Scott Brown, C.P.I.M C.I.R.M.
Supply Chain Solutions Manager
Plexus

More On "Thinking About Dell":

I work for a competitor to Dell. I think you very much hit the nail on the head. While we have made substantial supply chain improvements over the past three years, and are miles from where we used to be, we are not aligned anywhere as deeply and integrally as Dell is between supply chain processes and the business itself.

The question we all have is whether it is a lead that is too big to ever catch.

You summed the situation up very well – good job as always.

Name withheld by request

On "Is Made in the U.S. Worth Anything Anymore?":

Your survey most likely was age the group of 30 and under and they have no clue as to how this is going to and has already hurt the US job market as we continue to support foreign countries and take jobs away from Americans. Its not about quality its about putting food on the table for your family, not everyone is gifted to be a Doctor or Lawyer. Some people like to work w/ their hands, soon to be not available in the USA.

I and many of my male friends will pay more and look longer to find the same product w/ MADE in the USA marked on it, and we are all over 45. Many many products are no longer made in the USA so your stuck to help some other country that pays their workers $ .08 per hr. and all the rice he can take home for his family that day. Sears has screwed us royal w/ Craftsman tools, only some of the hand tools, screw drivers, wrenches are USA made about 89% of their Craftsman products are off shore. That does not mean lower prices for US consumers it means higher profits in the profits of the top execs only.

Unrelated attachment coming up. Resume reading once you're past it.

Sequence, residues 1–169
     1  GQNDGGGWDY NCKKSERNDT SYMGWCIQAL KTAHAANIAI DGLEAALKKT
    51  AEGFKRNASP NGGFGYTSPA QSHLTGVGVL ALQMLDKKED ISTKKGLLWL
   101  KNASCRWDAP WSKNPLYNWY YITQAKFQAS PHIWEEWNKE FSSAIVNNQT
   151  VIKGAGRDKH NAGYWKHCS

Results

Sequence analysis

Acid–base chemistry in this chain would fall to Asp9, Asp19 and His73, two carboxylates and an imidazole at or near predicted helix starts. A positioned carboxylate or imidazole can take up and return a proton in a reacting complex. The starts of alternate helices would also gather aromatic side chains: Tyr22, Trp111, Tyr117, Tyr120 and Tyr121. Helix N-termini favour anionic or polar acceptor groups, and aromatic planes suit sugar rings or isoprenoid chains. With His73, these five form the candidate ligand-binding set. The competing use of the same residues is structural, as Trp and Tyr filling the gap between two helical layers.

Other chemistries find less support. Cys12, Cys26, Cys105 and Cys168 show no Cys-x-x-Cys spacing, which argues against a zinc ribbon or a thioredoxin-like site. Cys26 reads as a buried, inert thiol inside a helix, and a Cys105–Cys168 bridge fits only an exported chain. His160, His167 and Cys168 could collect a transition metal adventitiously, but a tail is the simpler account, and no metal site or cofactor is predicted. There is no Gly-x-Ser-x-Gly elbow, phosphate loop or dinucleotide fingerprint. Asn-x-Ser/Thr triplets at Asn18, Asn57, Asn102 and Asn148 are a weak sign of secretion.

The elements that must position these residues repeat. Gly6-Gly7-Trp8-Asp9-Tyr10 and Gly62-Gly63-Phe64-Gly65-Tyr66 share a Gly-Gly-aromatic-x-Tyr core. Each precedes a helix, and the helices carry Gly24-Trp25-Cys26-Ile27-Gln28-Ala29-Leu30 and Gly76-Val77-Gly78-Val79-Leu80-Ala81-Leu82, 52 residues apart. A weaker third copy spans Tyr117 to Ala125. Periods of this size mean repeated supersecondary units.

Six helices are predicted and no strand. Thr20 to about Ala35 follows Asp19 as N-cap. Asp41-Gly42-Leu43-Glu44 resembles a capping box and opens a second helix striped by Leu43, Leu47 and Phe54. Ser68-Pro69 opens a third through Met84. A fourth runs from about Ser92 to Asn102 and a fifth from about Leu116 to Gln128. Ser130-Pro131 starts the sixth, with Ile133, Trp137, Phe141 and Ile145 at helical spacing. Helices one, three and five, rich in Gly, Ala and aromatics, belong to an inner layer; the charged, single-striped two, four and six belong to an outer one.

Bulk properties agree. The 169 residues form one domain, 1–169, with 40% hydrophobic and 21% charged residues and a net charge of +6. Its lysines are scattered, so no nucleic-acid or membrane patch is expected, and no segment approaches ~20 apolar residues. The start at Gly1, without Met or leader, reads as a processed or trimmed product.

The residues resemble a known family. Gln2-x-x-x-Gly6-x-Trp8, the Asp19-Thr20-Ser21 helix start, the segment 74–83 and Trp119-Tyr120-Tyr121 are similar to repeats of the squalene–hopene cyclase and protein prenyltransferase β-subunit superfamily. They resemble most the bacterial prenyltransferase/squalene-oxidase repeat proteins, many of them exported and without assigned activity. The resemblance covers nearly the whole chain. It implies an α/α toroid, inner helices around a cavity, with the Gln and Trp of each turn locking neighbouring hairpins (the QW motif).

My grandchildren and great grandchildren will have a very hard time making a decent living in the US!

Jack Kitten

Absolutely made in the USA is worth something to consumers. My personal experience, especially this year, has been that more and more people are telling me that they would pay premium if necessary to be able to purchase a product made in the US. This is a major change from what I had been hearing as recently as last year.

Steve Reichert
Supply Manager
Akzo Nobel Surface Chemistry
RECRUITMENT CORNER

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VP of Distribution and Logistics
In the Indianapolis, IN area

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SUPPLY CHAIN TRIVIA

Q. How many acres of port terminal space are required to support the new mega-vessels (8000-TEUs) coming on line?

A. Between 100-140 acres, according to industry experts. Many ports have no terminals of that size.